When many Christians hear stories like that of Bedford-Stuyvesant Preparatory High School which had planned to hand out condoms at their high school prom, there seems to be a tremendous temptation to overreact. We get this picture in our head of school administrators forcing condoms in the hands of unsuspecting young people with the purpose of enabling them to have sex freely. We live in a sex saturated culture and we hear stories like this and we feel that our schools must be willfully embracing that culture and stamping approval on premarital sex. A little bit of empathy would go a long way in sorting out the true motives behind current trends in sex education.

Don’t get me wrong, I believe that abstinence before marriage is the clear teaching of Scripture. I have a 10 month old daughter and as she gets older, I intend to clearly teach her that sex is a wonderful and sacred thing that is to be enjoyed inside of marriage. My wife and I will teach her that the safest way to have sex is in the context of a committed marriage. My wife and I intend to be the primary teachers of our children in terms of sex education–we won’t expect any institution to bear primarily responsibility for that charge.

Thus, when I hear about plans to hand out condoms at a high school prom, there is part of me that wants to be angry as I wouldn’t want a school contradicting me as a parent. To be fair, Bedford-Stuyvesant Preparatory seems to recognize this on some level as they repealed their plans. But let’s take a moment and consider what might motivate a school to do something like hand out condoms on prom night. If we would take the time to carefully consider such motivations, we might find that we share something in common with those who promote a more liberal approach to sex education.

There are two primary motivations behind giving condoms to teenagers: preventing teenage pregnancy and the spread of disease. While condoms do not provide comprehensive protection against either of these, we can all agree that hindering teenage pregnancy and the spread of disease are good things. Teenage pregnancy, in particular, is not just bad for the girls who find themselves pregnant (they are often ill equipped emotionally, financially, and physically to have a child), but it is also bad for society as a whole. More teenage pregnancies mean more children being raised by parents (and often just one parent) who are ill equipped emotionally, financially, and physically to raise a child. That is not, by the way, an argument for abortion but an argument for good stewardship of society. There are millions of teens who aren’t getting the kind of sex education in their homes that my wife and I plan to give our daughter–many are receiving very poor sex education if any at all. As a citizen and as a Christian, that should concern me. I don’t mention all this to say that more condoms in our public schools is the answer, I merely want to highlight what motivates such practices in our schools.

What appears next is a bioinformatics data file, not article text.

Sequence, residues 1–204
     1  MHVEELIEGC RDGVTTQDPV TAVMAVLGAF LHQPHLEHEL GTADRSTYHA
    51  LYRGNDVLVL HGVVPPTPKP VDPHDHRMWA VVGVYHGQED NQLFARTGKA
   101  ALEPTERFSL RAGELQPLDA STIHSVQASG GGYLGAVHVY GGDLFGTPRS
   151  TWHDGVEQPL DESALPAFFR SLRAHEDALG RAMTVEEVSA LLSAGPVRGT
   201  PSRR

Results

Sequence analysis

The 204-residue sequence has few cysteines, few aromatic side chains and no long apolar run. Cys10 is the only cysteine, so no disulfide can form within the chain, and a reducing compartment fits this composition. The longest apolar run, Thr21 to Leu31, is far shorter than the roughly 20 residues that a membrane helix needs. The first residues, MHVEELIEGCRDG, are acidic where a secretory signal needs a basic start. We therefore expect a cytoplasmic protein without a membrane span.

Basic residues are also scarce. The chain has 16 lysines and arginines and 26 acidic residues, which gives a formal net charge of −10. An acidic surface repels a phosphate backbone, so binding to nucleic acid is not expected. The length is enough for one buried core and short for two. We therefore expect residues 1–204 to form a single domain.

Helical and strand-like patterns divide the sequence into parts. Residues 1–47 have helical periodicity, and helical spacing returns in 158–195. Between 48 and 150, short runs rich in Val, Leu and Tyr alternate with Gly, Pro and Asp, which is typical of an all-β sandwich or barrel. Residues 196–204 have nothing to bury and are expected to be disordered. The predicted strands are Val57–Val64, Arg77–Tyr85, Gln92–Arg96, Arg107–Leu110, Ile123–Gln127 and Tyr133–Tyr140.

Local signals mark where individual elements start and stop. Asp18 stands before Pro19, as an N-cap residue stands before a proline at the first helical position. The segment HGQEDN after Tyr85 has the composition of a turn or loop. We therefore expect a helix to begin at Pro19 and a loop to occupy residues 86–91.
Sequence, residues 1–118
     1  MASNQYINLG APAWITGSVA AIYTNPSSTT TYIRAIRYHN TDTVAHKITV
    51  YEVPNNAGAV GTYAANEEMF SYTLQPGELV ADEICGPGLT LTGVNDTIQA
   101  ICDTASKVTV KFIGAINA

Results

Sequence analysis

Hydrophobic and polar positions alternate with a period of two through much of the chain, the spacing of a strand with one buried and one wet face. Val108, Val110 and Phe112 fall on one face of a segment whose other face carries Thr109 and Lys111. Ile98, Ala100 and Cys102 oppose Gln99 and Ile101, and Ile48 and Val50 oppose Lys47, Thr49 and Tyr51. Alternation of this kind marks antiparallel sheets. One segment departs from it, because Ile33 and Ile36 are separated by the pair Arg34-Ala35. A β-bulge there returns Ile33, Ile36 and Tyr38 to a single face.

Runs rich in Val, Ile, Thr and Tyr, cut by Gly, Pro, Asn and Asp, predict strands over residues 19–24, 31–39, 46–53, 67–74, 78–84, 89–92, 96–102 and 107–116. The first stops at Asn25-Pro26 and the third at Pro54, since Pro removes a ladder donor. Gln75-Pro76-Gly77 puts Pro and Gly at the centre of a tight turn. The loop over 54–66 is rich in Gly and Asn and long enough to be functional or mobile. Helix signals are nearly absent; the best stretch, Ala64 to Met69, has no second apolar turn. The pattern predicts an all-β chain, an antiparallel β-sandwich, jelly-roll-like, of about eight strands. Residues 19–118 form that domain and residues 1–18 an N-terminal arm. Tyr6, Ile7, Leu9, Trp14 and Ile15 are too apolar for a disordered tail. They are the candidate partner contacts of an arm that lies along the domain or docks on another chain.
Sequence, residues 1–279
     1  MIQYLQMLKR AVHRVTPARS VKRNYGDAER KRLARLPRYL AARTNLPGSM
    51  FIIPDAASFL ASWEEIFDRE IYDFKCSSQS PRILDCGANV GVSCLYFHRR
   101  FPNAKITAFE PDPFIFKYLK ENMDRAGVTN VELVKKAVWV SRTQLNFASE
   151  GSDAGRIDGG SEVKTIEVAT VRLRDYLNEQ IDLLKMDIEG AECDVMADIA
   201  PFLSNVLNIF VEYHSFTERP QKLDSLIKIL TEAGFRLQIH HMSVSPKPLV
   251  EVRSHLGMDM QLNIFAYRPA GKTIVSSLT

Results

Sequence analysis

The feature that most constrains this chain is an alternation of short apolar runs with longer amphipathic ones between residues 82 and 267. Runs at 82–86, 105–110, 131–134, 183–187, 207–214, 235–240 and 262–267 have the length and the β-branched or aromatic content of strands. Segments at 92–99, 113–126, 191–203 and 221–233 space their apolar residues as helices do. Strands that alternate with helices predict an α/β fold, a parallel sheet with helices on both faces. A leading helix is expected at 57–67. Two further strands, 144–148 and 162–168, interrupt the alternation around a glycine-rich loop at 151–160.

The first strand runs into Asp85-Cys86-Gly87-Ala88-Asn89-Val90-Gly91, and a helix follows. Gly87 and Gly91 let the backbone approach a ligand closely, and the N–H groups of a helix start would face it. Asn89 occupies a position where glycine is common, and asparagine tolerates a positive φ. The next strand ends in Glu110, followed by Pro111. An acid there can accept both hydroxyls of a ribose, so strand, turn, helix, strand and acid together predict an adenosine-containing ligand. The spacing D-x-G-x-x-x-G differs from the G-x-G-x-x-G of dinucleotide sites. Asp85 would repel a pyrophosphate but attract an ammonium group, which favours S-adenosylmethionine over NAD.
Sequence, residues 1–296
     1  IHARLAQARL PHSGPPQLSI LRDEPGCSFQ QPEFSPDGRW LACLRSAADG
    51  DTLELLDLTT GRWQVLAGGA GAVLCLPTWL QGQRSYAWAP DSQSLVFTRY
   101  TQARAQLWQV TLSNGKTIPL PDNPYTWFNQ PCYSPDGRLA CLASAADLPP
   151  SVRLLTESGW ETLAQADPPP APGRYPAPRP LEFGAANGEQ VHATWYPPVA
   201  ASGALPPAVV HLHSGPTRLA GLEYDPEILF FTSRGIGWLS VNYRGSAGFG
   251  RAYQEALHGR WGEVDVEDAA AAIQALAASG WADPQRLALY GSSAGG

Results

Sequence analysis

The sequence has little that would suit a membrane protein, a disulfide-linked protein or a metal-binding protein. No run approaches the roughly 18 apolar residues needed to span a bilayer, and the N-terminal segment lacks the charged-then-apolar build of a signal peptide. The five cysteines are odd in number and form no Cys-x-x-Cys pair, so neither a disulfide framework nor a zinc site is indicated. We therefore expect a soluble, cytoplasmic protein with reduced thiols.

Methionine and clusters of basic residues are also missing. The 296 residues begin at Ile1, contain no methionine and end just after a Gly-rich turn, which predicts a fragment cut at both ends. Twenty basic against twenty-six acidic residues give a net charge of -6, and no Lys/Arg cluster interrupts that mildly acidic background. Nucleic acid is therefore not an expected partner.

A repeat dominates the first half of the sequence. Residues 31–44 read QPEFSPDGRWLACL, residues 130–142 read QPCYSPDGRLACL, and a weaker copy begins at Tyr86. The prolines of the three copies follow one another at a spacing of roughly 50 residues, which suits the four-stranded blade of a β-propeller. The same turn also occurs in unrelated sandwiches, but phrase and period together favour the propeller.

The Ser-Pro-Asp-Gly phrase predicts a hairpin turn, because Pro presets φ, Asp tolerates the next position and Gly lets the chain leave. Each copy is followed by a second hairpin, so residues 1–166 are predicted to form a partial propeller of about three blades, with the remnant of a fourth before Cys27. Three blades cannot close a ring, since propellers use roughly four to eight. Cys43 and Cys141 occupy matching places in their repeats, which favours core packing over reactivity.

As a Christian, I believe that God designed sex to be practiced and enjoyed inside of marriage. I also believe that man is not inherently good. I believe that man is enslaved to sin (Rom. 6) and in such slavery “it is impossible” for man “to please God” (Rom. 8:7). Thus, I not only believe that teenagers can’t abide by God’s design for marriage, but I also believe that apart from Christ they won’t. It is only by the grace of God that any young person keeps themselves sexually pure before marriage. So when I hear stories like that of Beford-Stuyvesant Preparatory, I have mixed emotions. I know that those who would hand out condoms are trying to save teens and their potential children from avoidable pain and difficulty. As Christians that ought to be something that we at least sympathize with this side of Christ’s return when every human heart has not been turned toward its maker.


  1. Drew, it’s laudable to show some empathy in communicating with others.

    Sometimes, however, others are just plain wrong. If they’re going to hand out condoms, then they should also give out small sampler bottles of whiskey. I mean, someone is going to spike the punch, and what if they use something dangerous? So why not make sure it’s done in a safe, controlled manner?

    As a parent, I am firm in setting limits for how my teen children interact in social settings. There should never be a setting where condoms (or whiskey samplers) are distributed. If this high school feels the need to distribute condoms, then the are addressing the wrong problem. It’s a band-aid. They need to look at whether their prom is properly planned and supervised, and how to influence what activities students engage in afterwards.

  2. I agree Chris. I never said that this was an appropriate practice. In fact, I stated that I oppose it on principle. I just wanted to show the other side of things as well because what you and would like to see happen in our school systems won’t happen until those people’s hearts are changed.

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